Archive for the ‘Oregon’ Category

Git Western!

March 5, 2012
Helen DavisBurns, Oregon© jan albers | all rights reserved

© jan albers | all rights reserved

Helen Davis
Burns, Oregon

“Either of you named Jan?” A short, sturdy woman bounded out of the Harney County Historical Society building and headed to a station wagon parked in the small lot in front.

I got out of the car and acknowledged I was indeed Jan. “Good. I’m Helen,” she said. “Git your stuff and come with me. Take everything you need – we’re getting lunch and heading for the BLM.”

Helen Davis commandeered us with her energy and strength over the next 10 hours. Neatly dressed in a white blouse, a bow tie under her pleasant but determined face, wearing a lavender polyester pantsuit, she looked like a high school counselor and spoke like a woman of the West.

“Your letter came to the Historical Center. They tossed it to me and wondered if I’d like to follow it up. It intrigued me. I even looked to see where Highway 20 ends – found it in an old book, ending at the Naval Yards in Boston.”

She drove with purpose, outlining the places we would see that day: the Bureau of Land Management to meet Mark Armstrong; the Malheur National Wildlife Refuge, to talk with Gary Ivey; the lava beds; the round barn erected by Peter French, once the area’s most successful rancher (until he was shot dead); the P Ranch and the Diamond Hotel.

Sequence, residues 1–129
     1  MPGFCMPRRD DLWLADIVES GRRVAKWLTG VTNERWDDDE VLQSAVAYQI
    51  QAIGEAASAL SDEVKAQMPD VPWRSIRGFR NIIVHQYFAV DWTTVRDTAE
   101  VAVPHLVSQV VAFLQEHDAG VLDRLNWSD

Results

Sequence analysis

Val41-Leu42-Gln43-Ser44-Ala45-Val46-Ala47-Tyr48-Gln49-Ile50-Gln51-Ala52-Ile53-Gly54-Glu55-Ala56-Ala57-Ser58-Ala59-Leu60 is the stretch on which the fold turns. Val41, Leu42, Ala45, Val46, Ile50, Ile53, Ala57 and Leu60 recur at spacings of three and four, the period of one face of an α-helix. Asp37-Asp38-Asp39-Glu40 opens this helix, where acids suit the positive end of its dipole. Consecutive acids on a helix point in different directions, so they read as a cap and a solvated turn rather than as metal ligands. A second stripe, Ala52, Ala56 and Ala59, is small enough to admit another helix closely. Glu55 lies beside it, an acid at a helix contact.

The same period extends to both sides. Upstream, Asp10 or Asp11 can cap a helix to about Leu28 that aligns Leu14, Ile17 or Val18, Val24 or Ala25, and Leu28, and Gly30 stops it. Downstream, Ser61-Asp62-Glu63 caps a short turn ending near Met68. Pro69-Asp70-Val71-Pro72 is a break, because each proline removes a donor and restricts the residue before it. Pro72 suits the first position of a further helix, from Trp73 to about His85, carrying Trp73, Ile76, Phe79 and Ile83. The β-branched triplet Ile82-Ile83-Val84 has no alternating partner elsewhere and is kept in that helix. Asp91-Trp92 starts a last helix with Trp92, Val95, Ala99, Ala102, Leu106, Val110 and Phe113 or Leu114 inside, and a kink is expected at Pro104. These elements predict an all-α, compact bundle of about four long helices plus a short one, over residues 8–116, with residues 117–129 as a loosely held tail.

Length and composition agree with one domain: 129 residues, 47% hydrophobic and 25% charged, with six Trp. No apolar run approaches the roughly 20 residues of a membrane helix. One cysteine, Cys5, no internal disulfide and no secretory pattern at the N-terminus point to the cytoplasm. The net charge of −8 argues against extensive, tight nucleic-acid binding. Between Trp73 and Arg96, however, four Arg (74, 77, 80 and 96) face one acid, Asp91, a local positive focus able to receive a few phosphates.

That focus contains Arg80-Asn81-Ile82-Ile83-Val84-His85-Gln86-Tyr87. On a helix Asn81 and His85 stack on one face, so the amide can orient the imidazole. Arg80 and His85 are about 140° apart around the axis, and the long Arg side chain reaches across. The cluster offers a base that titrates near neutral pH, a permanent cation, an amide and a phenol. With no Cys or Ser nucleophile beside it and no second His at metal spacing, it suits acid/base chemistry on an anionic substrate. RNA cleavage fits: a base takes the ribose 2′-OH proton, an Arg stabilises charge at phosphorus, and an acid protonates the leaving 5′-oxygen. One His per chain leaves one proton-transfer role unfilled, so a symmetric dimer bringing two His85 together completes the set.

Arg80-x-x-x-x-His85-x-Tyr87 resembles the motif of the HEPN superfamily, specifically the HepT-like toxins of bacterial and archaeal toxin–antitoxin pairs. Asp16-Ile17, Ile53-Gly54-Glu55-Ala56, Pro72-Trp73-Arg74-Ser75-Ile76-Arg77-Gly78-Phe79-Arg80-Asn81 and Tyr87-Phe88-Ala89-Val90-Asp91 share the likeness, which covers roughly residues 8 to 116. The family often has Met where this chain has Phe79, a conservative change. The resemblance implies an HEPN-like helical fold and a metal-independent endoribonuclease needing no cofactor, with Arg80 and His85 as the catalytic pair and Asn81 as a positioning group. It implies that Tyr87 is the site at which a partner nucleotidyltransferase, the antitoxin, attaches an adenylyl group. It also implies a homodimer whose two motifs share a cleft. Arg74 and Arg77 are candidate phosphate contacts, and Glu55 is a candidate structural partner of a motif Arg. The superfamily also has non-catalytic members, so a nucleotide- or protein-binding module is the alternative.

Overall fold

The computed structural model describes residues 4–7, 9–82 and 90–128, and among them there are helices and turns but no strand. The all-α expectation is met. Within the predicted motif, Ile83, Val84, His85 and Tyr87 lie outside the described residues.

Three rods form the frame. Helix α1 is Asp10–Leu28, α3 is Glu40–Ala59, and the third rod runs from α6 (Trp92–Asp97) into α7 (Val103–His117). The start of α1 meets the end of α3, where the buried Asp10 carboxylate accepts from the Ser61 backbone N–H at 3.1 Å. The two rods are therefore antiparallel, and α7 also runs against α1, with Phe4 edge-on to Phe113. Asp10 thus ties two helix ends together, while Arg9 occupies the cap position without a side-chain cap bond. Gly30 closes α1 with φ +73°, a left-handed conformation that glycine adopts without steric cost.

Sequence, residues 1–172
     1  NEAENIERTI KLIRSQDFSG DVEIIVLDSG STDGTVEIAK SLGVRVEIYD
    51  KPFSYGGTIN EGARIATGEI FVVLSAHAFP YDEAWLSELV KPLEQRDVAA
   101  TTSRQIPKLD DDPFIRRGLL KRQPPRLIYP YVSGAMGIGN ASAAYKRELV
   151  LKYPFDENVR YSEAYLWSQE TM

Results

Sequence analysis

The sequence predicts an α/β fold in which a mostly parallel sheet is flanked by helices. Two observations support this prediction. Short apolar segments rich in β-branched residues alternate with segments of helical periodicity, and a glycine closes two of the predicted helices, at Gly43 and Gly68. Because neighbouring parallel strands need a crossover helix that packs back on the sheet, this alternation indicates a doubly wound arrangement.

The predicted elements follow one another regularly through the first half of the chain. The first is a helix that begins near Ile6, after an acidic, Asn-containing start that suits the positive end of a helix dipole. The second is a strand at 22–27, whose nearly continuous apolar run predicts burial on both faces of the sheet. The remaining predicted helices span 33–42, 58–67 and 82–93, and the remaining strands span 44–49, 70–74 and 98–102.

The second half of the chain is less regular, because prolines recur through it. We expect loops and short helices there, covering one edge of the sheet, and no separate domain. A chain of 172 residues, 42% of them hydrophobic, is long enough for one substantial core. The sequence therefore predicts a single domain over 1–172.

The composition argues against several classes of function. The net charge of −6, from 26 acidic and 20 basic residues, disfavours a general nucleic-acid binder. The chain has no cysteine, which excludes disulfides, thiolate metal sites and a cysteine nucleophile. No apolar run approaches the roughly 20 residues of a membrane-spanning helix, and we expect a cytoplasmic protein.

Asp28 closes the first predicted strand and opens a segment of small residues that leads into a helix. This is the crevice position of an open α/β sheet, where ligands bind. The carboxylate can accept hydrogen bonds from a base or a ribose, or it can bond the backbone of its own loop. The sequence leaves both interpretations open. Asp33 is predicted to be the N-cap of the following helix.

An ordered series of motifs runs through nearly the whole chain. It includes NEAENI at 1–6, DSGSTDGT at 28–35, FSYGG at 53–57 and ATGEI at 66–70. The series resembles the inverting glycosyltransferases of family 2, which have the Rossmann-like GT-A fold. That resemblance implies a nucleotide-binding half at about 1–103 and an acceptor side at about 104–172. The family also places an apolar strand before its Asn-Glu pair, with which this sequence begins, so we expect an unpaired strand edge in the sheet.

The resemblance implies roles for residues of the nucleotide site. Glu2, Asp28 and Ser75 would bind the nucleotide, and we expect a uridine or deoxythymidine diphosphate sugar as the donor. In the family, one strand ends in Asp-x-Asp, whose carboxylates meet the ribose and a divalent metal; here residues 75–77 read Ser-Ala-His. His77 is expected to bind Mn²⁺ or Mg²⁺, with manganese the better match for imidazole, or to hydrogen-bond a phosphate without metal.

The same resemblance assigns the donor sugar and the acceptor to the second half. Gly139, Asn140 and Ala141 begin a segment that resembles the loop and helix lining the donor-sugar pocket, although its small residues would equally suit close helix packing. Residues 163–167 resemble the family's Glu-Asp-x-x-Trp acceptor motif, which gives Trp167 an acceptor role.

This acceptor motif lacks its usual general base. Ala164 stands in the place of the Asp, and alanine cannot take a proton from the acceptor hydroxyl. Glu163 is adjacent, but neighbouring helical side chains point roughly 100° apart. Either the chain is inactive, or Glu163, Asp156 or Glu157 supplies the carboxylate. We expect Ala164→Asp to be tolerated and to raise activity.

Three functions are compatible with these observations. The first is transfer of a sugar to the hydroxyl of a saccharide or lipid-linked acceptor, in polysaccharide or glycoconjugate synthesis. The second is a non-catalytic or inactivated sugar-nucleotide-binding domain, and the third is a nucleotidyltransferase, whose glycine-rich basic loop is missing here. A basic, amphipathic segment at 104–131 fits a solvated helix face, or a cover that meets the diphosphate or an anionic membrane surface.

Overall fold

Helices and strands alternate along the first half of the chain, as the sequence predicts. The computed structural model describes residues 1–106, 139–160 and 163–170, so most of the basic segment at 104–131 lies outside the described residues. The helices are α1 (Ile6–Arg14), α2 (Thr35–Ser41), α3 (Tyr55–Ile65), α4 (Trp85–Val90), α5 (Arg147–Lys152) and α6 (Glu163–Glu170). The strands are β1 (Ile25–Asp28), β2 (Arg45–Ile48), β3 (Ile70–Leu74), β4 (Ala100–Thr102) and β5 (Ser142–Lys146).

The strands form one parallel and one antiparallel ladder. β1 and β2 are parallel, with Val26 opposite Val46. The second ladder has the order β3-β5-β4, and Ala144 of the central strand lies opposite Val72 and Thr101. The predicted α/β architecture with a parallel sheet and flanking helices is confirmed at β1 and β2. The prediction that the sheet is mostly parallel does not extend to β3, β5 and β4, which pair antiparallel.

But her first stop was the supermarket, where she went in for our lunches. Scanning my notes on Route 20, I could find none of the places she mentioned. Were they on the highway? Maybe she knew something I didn’t.



End of Road, West

February 14, 2012

End of the RoadNewport, Oregon© karen e. titus | all rights reserved© karen e. titus | all rights reserved

Newport, Oregon

The Yaquina Bay Bridge, opened in 1936, is on U.S. Route 101, the north-south route at the far western edge of Newport.  Route 20 comes to an abrupt end at 101, with no fanfare whatsoever. The view of the bridge offers a nice coda at the end of the accidental highway.

Little Red School House

September 13, 2011

Little Red School HouseBrothers, Oregon© jan albers | all rights reserved© jan albers | all rights reserved

Brothers School
Brothers, Oregon

Recent statistics put the enrollment at this K-8 school at six students, which represents about one-sixth of the town’s population.

Here, U.S. 20 is known as the Central Oregon Highway. Brothers occupies the otherwise empty space between Burns (to the east) and Bend (to the west). The origin of the town’s name is somewhat cloudy. Some say it comes from several families of brothers who settled in the area, and others say it was inspired by three local hills backed by the nearby Three Sisters Mountains.

And yes, farther west on the highway there’s a Sisters, Oregon, named after those same mountains. Among these two “siblings,” Sisters appears to be faring better than Brothers – its four public schools serve some 1,300 students.

Jammin’ on 20

May 2, 2011

Jammin' on 20Burns, Oregon© jan albers | all rights reserved©  jan albers | all rights reserved

Burns, Oregon

Route 20 is closed to traffic during the Country Music Jamboree, allowing the music and dancing to continue late into the night in this high desert community.

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